Last week the Free Speech Union, of which I’m a member, asked me to write something about the modern-day heresy trial initiated by the Royal Society of New Zealand following complaints about a letter written to the Listener in which seven respected academics very civilly challenged the idea that matauranga Maori – traditional Maori knowledge – should be given the same status as science. My article was to be distributed to media outlets in the hope that it would help draw attention to the parlous state of free speech in academia.

My article, which was sent out last Tuesday, is published below. It doesn’t deal solely with the Royal Society controversy, since I wanted to contextualise the society’s inquisition (which has attracted attention in the latest issue of the UK Spectator) by setting the current issue against the backdrop of other free speech controversies, just to remind readers that there’s a pattern here.

I deliberately adopted a low-key tone, bearing in mind the article was to be offered to mainstream media and I didn’t want to give them any excuse to reject it. But as of today, I’m told that only one small provincial paper has published it. People may feel entitled to assume from this that the protection of free speech doesn’t rate highly in media priorities, although all media outlets depend on it for their existence. (Of course it's also possible that it was rejected because it's a crappy article. You be the judge.)

Freedom of speech is a fundamental right in a liberal democracy – as important, even, as the right to vote, since people’s ability to cast an informed vote depends on them first being able to participate in free and open debate about political issues and ideas.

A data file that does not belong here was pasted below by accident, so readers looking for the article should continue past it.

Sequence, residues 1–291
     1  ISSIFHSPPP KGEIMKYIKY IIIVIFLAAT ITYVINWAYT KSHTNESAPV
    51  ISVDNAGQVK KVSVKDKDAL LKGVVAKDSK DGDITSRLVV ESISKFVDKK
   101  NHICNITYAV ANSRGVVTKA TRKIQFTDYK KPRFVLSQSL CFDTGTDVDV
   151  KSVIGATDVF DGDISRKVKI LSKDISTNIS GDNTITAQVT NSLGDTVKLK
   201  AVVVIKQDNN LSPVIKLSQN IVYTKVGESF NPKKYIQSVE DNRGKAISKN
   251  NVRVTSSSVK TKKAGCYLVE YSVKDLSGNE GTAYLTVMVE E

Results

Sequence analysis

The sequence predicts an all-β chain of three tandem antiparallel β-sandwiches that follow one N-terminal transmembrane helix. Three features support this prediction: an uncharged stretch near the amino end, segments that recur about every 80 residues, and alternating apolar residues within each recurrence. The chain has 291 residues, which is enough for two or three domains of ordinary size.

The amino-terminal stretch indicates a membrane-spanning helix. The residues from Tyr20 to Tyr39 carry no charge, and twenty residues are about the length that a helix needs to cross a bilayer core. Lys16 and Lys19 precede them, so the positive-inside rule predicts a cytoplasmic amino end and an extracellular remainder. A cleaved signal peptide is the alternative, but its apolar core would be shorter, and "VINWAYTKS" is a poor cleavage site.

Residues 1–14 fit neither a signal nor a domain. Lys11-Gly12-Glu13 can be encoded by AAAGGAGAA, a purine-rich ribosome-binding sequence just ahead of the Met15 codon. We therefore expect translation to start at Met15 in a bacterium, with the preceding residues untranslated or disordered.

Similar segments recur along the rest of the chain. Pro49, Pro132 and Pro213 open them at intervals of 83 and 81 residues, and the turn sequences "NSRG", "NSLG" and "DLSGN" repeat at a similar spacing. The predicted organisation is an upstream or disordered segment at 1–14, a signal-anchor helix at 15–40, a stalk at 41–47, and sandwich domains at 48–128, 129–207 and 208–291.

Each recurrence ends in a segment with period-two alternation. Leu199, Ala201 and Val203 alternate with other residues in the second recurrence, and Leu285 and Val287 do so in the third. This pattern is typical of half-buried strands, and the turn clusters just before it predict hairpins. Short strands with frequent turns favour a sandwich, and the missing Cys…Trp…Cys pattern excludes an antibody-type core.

This is one of the crucial factors that distinguishes a true liberal democracy such as New Zealand from authoritarian “pretend” democracies such as Russia, where people are allowed to vote but are denied access to information and opinion that doesn’t conform to the agenda of those in control.

Accordingly, the Bill of Rights Act, passed by a Labour government in 1990, states that every New Zealander has the right to freedom of expression, “including the freedom to seek, receive and impart information and opinions of any kind in any form”. The wording is similar to that of the UN Declaration of Human Rights, except that the UN declaration goes a step further by asserting the right to “hold opinions without interference”.

Even before the Bill of Rights Act made it explicit, free speech was a right that New Zealanders took for granted. They exercised it (and still do) every day in letters to the editor and on radio talkback shows.

Yet a perception has grown in recent years that New Zealanders’ right to speak freely and to hear or read all shades of political opinion, short of those that incite violence and hatred, is under sustained attack. Concern at the fragility of free speech rights led to the formation this year of the Free Speech Union, which has drawn support from across the political and ideological spectrum.

One celebrated case involved the Canadian “alt-right” (so-called) speakers Lauren Southern and Stefan Molyneux, who were barred from speaking at a council-owned Auckland venue in 2018. The excuse used for denying them a platform was that the event might be disrupted by protesters.

Activists quickly realised they could force the cancellation of speeches by people they didn’t like simply by threatening protest action – a tactic sometimes referred as the heckler’s or thug's veto.

A similar pretext, fear of disruption, was used by Massey University to cancel a speech by former National Party leader and Reserve Bank governor Don Brash, although it’s hard to imagine anyone less likely to incite trouble than the unfailingly civil Brash. Emails released under the Official Information Act subsequently revealed that the real reason Massey’s vice-chancellor banned Brash was that she didn’t want the university to be seen as “endorsing racist behaviours”. In other words, she didn’t agree with Brash’s opinion on the Treaty of Waitangi.

The Southern-Molyneux controversy is still being played out in the courts, the crowd-funded Free Speech Union having gone all the way to the Supreme Court in a test case aimed at preventing public authorities from using the supposed threat of disruption as an excuse to “de-platform” speakers.